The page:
I recently questioned my understanding of multiple comparison when I saw this xkcd comic: https://xkcd.com/882/.

The comic is illustrating multiple comparison by showing a study that concludes that green jelly beans cause acne. It is illustrating that, by testing 20 different hypotheses with the same $\alpha$ level (0.05), it is highly likely that a false positive conclusion will be drawn.

What I don't understand, is why 20 different hypotheses are the cause of this. Since these hypotheses about the colors of jelly beans are independent, and the testing of each of those hypotheses do not influence each other, it doesn't seem to me how this could be an issue?

More precisely, I understand why it is an issue if the same hypothesis is tested 20 times, e.g. the hypothesis that "green jelly beans cause acne". But, in this comic it is only evaluated once. The hypothesis "jelly beans cause acne" is tested 20 times, but we don't draw a conclusion on that, we only draw a conclusion on green jelly beans.

It doesn't make sense to me why evaluating a hypothesis once is considered multiple comparison?


1 Answer 1


Because the research hypothesis wasn't specifically about green jelly beans, but about whether there is a colour of jelly bean that is associated with acne. If you throw 100 tests at a problem (whether the same exact hypothesis or tests all in the same family of related tests) then the chance (assume H0 true in all cases) is high that some of the results will pass the 5% level of significance spuriously. That's why research hypotheses should be specified in advance. Here is an excellent treatment of related issues.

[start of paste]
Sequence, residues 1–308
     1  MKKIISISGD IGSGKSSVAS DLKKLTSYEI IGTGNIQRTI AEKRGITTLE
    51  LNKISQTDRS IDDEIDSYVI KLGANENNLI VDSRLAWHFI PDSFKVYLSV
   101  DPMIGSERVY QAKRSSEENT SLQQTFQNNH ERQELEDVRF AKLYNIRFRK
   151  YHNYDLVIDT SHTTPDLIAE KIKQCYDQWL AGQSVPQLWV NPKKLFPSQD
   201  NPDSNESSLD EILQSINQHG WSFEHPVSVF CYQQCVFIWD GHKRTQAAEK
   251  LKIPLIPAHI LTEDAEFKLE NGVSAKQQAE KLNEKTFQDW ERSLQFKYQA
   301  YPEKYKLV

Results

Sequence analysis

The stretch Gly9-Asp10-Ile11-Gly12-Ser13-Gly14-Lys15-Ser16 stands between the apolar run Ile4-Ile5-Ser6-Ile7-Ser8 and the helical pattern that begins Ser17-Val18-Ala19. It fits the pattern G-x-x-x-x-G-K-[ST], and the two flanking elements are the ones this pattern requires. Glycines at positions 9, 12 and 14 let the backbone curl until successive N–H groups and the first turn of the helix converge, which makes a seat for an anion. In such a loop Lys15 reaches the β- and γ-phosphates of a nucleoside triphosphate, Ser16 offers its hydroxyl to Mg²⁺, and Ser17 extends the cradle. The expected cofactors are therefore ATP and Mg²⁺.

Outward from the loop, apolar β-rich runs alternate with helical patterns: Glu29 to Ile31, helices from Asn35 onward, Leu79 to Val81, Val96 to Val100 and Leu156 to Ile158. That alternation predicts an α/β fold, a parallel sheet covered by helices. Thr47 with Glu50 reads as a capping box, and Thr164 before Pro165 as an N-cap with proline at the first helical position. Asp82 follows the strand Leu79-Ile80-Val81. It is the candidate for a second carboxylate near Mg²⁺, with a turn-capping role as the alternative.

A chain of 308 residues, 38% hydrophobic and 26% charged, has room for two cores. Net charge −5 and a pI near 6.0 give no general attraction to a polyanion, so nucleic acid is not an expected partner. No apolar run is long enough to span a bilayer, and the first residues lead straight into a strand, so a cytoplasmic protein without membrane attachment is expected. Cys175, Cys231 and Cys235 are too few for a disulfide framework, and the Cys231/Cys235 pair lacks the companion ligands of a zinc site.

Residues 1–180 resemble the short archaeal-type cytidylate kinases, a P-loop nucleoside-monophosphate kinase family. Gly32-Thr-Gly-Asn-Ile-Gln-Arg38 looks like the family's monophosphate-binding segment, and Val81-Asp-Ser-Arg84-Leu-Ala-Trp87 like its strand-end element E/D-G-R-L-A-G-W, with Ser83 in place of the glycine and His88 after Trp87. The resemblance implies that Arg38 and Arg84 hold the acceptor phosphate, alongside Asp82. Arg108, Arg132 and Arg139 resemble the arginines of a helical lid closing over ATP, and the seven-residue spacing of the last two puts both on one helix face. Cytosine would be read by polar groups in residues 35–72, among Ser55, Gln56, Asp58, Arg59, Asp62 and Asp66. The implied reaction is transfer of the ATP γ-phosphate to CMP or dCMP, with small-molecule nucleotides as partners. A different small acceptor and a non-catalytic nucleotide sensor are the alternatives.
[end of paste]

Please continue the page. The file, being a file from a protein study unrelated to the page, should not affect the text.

• $\begingroup$ So, if I understand correctly, you're saying that there actually were many evaluations of the same hypothesis, because the hypothesis is "is there a color of jelly bean that is associated with acne"? In that case, the proper thing to do would be to dismiss the hypothesis after the second block of the comic strip? $\endgroup$
    – makansij
    Feb 16, 2016 at 4:49
  • 2
    $\begingroup$ There are too many unstated things in the comic to say. In theory, if the initial evaluation included the full range of colours and had sufficient power in an omnibus test to have a good chance to detect a single colour deviating from the rest, then yes - it should have stopped there. In real life, that's rarely the case. The real problem is in panel three - when the character states that it's only a certain colour, but doesn't state which. This sets up a family of tests that should have protection against Type I error inflation. $\endgroup$
    – J Taylor
    Feb 16, 2016 at 6:23

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